I Heart You Reader’s Digest

I’ve mentioned before in trying to stay connected with what is going on at home I receive our hometown newspaper on my Kindle reading device.  Somehow, receiving news from the English language television stations that we receive, even though they are the “international” versions doesn’t give me the perspective that I need sometimes.  I think that e readers are the bestest inventions ever (yes, bestest is a word Mr. Spellchecker).

The “Newstand” section of my Kindle is beginning to get a little cluttered but I continue to find magazines that are reasonably priced and that interest me.  My current repertoire includes More, Women’s Health, Woman’s Day, Rachel Ray, Yoga Journal and Prevention.  My favorite out of my collection however, is Reader’s Digest.  Yes, good old Reader’s Digest that’s been around for 91 years now, the magazine that publishes articles on many topics from other magazines and newspapers, occasionally shortening them, combining them in one handy-dandy “digest”.  Reader’s Digest was at one time the highest circulating general interest magazine in the United States, reaching more than 16 million readers a month. Beginning in 1938 RD could be read in 17 languages.  The Canadian edition first appeared in July 1947 in French and in February 1948 in English, and now the bulk of it is Canadian content.    The magazine filed for bankruptcy protection in February for the second time in four years. Many people think of it as a magazine that they would only read at the Doctor’s, Dentist or maybe Grandma’s house, but I still enjoy reading it.  Many more will equate the magazine with Ed McMahon and the Reader’s Digest Sweepstakes.

There are several reasons why I like Reader’s Digest.  For starters it’s one of the easiest magazines to read on the Kindle and it’s interactive.  The magazine itself is an app and every month it shows up ready to download.  Whoever invented the app and the magazine’s design is a genius. Having the magazine in app form allows for it to have “extras” and makes it interactive.  If I’ve got the WiFi active on the Kindle it will also allow me to tap for more web content, video or stories.

The magazine is also easy to navigate through.  To read and article I swipe the screen up and to go to the next story I swipe from right to left.  This contrasts with my other magazines that stay pretty much static on the screen and requires me to navigate around a page and enlarge print.  It’s easy to browse through quickly for a specific article or section.  One of my favorite sections is “Word Power”.  There is no pen or pencil required and to erase the answers I simply tap for the next page.  It makes it easy to go back and retry the questions if I’ve had a particularly difficult go at it.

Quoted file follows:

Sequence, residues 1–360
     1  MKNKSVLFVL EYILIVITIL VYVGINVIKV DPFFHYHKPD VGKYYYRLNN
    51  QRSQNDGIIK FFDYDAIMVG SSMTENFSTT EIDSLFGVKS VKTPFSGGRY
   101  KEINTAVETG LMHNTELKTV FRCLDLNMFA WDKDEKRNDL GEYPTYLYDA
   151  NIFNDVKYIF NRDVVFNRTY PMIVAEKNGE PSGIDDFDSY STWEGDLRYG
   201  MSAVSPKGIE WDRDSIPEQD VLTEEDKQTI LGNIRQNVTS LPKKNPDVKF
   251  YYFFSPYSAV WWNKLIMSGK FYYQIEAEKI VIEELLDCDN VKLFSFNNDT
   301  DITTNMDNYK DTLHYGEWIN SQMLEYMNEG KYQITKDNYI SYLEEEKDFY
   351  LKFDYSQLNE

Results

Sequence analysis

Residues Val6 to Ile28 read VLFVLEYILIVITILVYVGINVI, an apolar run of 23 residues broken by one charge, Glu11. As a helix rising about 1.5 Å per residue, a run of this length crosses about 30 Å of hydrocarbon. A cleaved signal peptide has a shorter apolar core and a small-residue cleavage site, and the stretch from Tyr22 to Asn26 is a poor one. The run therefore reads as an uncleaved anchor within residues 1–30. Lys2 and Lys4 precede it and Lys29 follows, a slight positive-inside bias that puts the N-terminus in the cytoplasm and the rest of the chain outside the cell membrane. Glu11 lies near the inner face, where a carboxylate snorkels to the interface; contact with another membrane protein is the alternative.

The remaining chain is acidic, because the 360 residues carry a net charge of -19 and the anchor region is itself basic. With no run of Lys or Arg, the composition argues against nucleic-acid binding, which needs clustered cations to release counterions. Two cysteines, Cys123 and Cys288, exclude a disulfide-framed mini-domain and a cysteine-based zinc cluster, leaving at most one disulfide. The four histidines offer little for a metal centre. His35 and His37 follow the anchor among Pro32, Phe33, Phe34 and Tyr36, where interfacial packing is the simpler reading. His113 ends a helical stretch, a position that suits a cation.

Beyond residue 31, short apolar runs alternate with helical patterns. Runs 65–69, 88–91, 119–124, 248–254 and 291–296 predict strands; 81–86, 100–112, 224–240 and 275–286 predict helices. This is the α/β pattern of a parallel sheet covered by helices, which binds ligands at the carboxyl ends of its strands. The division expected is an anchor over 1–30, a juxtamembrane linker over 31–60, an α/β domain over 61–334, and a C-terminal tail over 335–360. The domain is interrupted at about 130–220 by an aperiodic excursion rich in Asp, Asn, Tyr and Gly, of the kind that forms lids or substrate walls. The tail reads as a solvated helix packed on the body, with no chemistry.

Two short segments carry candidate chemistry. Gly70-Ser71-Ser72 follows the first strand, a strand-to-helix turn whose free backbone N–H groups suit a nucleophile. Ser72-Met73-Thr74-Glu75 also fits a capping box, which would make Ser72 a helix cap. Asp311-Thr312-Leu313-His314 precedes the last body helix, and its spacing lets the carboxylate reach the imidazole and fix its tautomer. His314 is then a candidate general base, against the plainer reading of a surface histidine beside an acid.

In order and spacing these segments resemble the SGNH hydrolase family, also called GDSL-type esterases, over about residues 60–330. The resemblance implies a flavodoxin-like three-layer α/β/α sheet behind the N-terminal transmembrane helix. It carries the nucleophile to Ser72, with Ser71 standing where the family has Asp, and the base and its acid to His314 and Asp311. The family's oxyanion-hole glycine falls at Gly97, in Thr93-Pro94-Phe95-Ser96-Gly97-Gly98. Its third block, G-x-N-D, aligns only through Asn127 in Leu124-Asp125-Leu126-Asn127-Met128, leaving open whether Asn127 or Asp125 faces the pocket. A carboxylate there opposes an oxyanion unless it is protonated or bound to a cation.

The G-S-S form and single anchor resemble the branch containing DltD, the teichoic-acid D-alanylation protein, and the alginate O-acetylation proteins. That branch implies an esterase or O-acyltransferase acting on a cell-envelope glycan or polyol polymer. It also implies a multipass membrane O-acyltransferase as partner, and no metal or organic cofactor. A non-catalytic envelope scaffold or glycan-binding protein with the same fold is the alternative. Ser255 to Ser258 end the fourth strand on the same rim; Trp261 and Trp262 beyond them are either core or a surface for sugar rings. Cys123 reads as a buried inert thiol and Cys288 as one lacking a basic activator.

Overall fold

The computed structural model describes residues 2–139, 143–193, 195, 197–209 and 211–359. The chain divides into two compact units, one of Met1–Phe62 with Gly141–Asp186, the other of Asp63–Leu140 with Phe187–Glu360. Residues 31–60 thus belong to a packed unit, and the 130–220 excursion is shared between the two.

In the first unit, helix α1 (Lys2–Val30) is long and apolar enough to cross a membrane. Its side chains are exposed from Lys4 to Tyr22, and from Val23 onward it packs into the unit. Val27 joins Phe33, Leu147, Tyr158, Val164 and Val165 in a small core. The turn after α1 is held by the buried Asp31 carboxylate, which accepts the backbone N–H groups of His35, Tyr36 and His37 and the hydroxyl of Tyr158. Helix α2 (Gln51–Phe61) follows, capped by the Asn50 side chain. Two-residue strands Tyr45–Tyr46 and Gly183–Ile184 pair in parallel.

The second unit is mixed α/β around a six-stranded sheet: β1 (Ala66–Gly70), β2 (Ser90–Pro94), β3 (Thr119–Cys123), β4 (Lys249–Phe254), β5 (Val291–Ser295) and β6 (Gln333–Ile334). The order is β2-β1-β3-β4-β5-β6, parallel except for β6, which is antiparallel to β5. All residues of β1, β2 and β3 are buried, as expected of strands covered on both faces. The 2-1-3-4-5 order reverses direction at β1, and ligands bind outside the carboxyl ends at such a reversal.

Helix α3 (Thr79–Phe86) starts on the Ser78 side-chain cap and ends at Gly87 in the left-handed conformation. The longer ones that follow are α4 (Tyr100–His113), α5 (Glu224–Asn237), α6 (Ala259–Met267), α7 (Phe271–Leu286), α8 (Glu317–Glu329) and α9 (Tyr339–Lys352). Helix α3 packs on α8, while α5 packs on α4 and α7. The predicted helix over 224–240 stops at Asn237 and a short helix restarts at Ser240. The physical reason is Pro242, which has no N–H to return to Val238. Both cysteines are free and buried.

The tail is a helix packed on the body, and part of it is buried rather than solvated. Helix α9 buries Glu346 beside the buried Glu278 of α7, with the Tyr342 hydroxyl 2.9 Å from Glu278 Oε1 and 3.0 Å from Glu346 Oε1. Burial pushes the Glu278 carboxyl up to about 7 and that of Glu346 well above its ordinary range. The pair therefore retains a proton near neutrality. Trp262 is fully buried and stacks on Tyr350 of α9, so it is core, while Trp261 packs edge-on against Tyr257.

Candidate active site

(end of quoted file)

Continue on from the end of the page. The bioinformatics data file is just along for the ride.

This month I’ve read a great article about a father’s group at Deloitte in Canada.  I’ve learned that there’s a good many reasons why I should indulge in my favorite Fall fruit; apples.  I learned more about 3D printers, should I wish to buy the home version for $1,299.00 to make things out of plastic.  (Although I think Panama has enough plastic items without me contributing more.)  I’ve learned that smiling will help me to look younger, help with stress and live longer and I’ve read the humor articles that help in achieving those goals.

Today, even though I’ve made bread dough to proof, loaded supper into the slow cooker, and baked a cake the bed remains unmade and I don’t really have an idea of my lesson plan for English class this afternoon.  And it’s all because of the lure of Reader’s Digest, taking me to the world outside of the campo.  But I still heart you Reader’s Digest, you make me smile.


About indacampo

You'll find me at https://indacampo.wordpress.com/ blogging about Panama...and other things.
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4 Responses to I Heart You Reader’s Digest

  1. tetmarqueses says:

    Nice article! Glad you have a pleasant experience with Reader’s Digest. And thanks for the pingback!

  2. shellmcc1106 says:

    Love Reader’s Digest! A friend of mine gives me her copies when she is finished. If I run out of the pile before the next batch I feel lost…

    • indacampo says:

      Does that make us seem old and grandmotherly? I love the way everything is condensed into one document. Goes with my philosophy of minimum output maximum results. 🙂

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